16-19 years – Many girls will reach their physical maturity but boys will continue to grow until mid-20s. Communication and intellectual development are closely linked in a child’s ability to learn. Intellectual development can depend on experiences/opportunities during earlier years development. Levels of learning differ between children due to strengths and abilities.

0-3 years – Babies need stimulation and adults usually communicate with their babies through talking, singing and generally showing an interest in them. Neglected babies who do not spend time with adults usually experience difficulty with communication skills later in development. Babies listen to language without understanding and at around 12 months will attempt to speak often isolated and unclear words. This is followed with putting words together and broadening their vocabulary to about 200 words by the age of 2. From 2-3 years, vocabulary continues to expand and grammatical terms like negatives and plurals, although immature, appear in speech.

3-7 years – The clarity of speech and their ability to converse are more apparent. They will be starting to learn to read, write and have a limited understanding of numbers. Confidence is growing quickly and they become more inquisitive about their environment and begin to ask questions. Beginning to develop their ability to concentrate and enjoy sitting and listening to stories. They have the ability to follow simple instructions and begin problem solving and enjoy making choices based on their own ability and experiences. This age range covers a huge spectrum of development and adult approval is of great importance to them.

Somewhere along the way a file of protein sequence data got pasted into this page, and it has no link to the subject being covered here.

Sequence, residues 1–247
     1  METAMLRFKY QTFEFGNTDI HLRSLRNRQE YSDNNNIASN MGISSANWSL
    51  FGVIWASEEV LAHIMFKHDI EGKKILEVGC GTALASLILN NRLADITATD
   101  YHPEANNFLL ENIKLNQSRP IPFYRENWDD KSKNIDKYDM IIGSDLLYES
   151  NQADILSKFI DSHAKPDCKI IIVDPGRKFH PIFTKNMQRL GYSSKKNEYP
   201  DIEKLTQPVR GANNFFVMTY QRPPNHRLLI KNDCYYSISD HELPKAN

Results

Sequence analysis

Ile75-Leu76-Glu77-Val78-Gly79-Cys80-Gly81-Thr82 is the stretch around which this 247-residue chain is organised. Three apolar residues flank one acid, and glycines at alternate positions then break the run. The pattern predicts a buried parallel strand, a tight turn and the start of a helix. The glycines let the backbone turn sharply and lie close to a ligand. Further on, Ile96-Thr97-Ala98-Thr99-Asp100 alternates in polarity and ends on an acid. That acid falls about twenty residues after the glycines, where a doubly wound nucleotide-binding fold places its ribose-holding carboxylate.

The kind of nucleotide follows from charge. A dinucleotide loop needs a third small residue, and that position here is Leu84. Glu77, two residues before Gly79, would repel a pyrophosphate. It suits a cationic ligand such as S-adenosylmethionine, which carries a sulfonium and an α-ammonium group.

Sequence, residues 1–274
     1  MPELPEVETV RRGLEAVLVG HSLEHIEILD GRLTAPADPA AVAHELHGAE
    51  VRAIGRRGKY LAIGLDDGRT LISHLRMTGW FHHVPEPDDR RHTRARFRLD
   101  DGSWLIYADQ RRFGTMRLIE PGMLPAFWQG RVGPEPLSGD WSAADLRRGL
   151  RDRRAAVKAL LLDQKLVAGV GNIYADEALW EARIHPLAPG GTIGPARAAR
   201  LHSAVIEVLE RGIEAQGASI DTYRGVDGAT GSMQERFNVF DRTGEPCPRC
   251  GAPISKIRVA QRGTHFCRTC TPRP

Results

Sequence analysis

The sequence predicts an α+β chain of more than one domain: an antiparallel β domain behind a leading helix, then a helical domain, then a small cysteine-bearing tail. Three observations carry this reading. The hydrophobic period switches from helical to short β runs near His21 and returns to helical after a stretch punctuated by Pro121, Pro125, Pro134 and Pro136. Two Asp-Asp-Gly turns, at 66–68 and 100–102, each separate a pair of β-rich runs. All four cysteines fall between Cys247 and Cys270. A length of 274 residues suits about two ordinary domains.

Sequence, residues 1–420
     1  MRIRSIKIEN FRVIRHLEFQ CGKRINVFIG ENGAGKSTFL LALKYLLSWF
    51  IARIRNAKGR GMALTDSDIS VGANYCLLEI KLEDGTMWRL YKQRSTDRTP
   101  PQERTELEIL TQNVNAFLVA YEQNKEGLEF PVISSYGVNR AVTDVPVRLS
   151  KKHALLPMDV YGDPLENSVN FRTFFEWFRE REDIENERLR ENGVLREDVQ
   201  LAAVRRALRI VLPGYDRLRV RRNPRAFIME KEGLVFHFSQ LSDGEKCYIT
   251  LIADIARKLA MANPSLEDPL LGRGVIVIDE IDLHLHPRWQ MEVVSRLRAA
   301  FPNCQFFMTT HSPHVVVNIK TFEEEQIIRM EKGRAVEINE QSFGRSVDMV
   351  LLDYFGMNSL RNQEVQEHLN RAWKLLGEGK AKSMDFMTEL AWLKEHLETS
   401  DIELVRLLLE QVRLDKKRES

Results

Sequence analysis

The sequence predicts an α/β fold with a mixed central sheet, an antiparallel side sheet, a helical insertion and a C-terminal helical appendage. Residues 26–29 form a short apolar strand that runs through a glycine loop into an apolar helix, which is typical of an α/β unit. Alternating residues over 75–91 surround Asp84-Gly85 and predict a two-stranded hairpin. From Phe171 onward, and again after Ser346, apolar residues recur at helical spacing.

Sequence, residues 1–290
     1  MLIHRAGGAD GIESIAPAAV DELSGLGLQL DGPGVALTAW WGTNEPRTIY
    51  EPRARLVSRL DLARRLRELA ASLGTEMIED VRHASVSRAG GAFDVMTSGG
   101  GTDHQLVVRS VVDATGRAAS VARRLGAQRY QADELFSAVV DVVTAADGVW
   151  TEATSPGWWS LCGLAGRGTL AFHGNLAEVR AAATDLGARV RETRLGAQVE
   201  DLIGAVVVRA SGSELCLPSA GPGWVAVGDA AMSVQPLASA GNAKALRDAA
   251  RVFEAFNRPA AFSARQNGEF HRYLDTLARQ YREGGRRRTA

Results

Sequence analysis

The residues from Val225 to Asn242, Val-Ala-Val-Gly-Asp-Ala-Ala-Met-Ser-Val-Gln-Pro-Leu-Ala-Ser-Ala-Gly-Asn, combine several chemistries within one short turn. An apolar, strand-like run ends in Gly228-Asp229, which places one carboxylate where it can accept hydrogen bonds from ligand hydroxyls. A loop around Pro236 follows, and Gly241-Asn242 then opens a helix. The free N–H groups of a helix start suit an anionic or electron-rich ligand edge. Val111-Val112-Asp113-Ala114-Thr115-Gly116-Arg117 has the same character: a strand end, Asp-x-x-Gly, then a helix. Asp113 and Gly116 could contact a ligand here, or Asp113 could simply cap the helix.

7-12 years – Reading and writing skills continue to improve and their understanding of language is enabling them to be more confident speakers and allows them to be able to discuss their opinions and ideas confidently. The language skills they have developed will enable them to have personal interpretations of situations.

12-16 years – Choices are being made in education, young people are fairly clear on their preferences and abilities and this is reflected in certain areas. They are making decisions on selection of subjects for which to study for and are taking or preparing for GCSE’s. Teenagers have a need to feel good about themselves and self-esteem figures highly.

16-19 years – Dependant on exam results, university/college places are being sought and career choices made. Children are entering adulthood and they now know their strengths and through career choices can go on to develop them.